Saturday, March 28, 2009


Interview with Shari Lyle-Soffe at Suite101...

Debbie, please tell us how many children you have?
I have 4 children. Rachel age 23 this month (March), Jessica 20 next month, Nathan 14, Christopher age 12.
Are they all homeschooled?
They have all been homeschooled from K - 12 or to their present grade... none of them have ever been to public or private school.
How long have you been homeschooling?
This is our 18th year that we are finishing up.
What is your educational background?
I went to public elementary and Middle school in PA, I went to Delaware County Christian School for High School it is in Newtown Square, PA. I have a BS in Elementary Education from The King's College which was then in Briarcliff Manor, NY and is now located in the Empire State Building in NY city. But, you do not need a degree to be able to successfully homeschool your children. Actually, my degree, training and teaching for a year in a Christian School hurt me more than helped me in my homeschooling because homeschooling is so different from teaching other peoples kids and teaching in a classroom setting.
Include anything else readers might be interested in knowing about you.
Blog: I have been married 25 years this year WAHOOO!! I like to plan my own units for Science and History. I like to cross stitch, scrapbook, read, play computer games, play board games, and take walks with my family. I was raised in the Christian Faith and have been a Christian since I was very young. My faith has been very important in my life and in the lives of my husband and children. It is a focal point for all we do, it affects how we homeschool and what we teach, it affects our worldview, our goals and purposes. Here are some links to posts on my blog that will tell you more about me.
50 Facts About Me
The Interview Meme
Where do you live, city or country?
We live in the suburbs of Wilmington, DE. We would love to live in the country on a small farm but for now this is where the Lord has us. On a main road with hardly no yard, no trees in the yard, no place for the boys to explore. We get into the "country" by taking drives to Lancaster, PA, by taking walks in nearby parks, or by using our membership to Winterthur. (see my blog for photos and links)

Why did you decide to homeschool your children? Do they feel they are missing anything?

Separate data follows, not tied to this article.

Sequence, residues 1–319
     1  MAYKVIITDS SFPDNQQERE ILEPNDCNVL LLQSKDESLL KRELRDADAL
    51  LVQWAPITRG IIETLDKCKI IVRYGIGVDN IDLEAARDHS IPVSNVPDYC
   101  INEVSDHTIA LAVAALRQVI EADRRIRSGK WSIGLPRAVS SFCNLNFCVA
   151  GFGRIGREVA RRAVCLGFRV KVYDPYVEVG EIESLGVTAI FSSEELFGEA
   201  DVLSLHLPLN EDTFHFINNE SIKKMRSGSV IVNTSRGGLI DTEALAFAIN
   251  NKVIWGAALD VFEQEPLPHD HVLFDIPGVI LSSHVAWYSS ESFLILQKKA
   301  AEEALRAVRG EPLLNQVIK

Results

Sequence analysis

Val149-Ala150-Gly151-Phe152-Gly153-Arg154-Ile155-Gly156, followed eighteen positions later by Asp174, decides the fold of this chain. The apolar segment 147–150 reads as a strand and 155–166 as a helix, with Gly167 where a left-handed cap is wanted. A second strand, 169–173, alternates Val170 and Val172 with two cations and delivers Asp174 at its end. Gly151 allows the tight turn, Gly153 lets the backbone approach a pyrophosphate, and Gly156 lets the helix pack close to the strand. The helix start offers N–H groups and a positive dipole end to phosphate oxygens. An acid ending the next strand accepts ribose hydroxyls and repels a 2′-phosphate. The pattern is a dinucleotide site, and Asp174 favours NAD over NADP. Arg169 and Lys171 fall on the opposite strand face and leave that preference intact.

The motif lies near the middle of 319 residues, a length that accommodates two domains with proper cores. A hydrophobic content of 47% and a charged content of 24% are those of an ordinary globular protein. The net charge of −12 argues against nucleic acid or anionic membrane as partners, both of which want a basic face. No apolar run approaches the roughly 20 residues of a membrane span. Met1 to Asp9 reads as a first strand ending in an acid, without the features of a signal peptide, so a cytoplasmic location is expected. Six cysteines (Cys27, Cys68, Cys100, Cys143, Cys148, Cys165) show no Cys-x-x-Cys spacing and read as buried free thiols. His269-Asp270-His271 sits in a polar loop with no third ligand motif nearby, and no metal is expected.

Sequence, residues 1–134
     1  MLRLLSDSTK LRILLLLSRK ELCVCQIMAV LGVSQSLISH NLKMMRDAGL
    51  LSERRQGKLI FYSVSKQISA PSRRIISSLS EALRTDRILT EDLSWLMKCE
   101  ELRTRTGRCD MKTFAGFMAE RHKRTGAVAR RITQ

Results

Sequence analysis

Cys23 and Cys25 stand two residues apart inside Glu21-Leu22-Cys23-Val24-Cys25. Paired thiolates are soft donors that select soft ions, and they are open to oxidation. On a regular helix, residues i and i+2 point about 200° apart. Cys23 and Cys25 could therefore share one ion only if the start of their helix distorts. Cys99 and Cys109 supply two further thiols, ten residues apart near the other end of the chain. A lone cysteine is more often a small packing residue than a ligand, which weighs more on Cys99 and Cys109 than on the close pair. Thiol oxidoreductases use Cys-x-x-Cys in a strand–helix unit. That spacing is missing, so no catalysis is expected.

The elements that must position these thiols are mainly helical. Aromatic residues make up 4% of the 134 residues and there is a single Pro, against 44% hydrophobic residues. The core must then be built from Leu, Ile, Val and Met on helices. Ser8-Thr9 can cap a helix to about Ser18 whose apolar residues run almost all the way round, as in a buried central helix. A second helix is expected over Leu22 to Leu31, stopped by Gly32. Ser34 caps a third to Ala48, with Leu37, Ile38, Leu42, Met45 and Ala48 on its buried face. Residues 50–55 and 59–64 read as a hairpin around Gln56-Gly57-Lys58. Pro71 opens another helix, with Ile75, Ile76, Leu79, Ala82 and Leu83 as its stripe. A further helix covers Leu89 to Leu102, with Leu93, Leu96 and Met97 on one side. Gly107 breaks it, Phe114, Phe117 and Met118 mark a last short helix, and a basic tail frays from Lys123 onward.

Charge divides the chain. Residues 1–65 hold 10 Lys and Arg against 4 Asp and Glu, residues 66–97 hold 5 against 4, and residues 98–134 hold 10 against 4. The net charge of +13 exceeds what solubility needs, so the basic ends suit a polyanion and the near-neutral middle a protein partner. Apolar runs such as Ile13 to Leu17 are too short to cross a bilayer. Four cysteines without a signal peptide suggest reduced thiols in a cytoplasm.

We decided to homeschool the children because we did not want my daughter in the public schools in our area and we could not afford private school. We found out about homeschooling from a family in the church we were attending at the time. We started to look into it and decided that was the way we were going to go. My children have all been homeschooled all the way through. I have two daughters one turning 23 years old next week and one turning 20 in April that were homeschooled all the way from K-12 th. You can check out there websites at can also just go to them from the links in my sidebarAs I said I thought that since I had my elementary ed degree I would be fine homschooling my own children. Well I had a lot to learn about the differences between homeschooling one child and teaching a whole classroom but my daughters and I survived and we all learned a lot. I changed my homeschooling approach several times over the years. From using a "boxed" curriculum where they tell you everything to do and say, to using that as a base for my school and starting to branch out to using textbooks/workbooks only for Math and planning my own units for History and Science and the other subjects.Do I feel my children missed anything??? Yes, they missed getting bullied, being picked on, being taught evolution as a fact, learning about sex at a way to young age, dating, peer pressure (though they still got some peer pressure from church and other activities, their families are still their best friends and the kids can talk to their Dad and I about anything, and they DO talk to us, we spend a lot of time together), hearing fowl language all the time, competing for the teachers attention in a class of 20 or more, and being passed over when they don't understand something. My dear daughters really struggled with math and would have never survived a "regular" classroom. I could tailor their math to them and add extra instruction and slow things down and use manipulative's to help... until they understood the concept and how to apply it. Did they miss anything useful... No!Our local homeschool support group, Tri-State Homeschool Network has many of the "perks" that "normal" schools have check us out here